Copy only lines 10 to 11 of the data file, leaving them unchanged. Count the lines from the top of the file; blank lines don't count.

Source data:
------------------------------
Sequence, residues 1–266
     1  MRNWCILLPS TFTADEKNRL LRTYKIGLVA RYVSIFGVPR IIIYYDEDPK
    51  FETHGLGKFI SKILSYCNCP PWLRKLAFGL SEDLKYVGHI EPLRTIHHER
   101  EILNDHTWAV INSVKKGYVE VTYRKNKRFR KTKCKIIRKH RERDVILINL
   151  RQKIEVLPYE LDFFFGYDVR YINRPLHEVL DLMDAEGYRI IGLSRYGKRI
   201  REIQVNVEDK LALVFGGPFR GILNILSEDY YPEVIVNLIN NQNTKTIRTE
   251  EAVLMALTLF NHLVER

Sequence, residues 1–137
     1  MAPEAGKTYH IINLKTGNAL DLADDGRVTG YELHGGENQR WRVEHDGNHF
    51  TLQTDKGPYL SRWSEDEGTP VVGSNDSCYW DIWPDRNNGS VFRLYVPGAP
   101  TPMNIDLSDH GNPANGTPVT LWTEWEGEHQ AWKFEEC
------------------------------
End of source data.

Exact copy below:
    51  TLQTDKGPYL SRWSEDEGTP VVGSNDSCYW DIWPDRNNGS VFRLYVPGAP
   101  TPMNIDLSDH GNPANGTPVT LWTEWEGEHQ AWKFEEC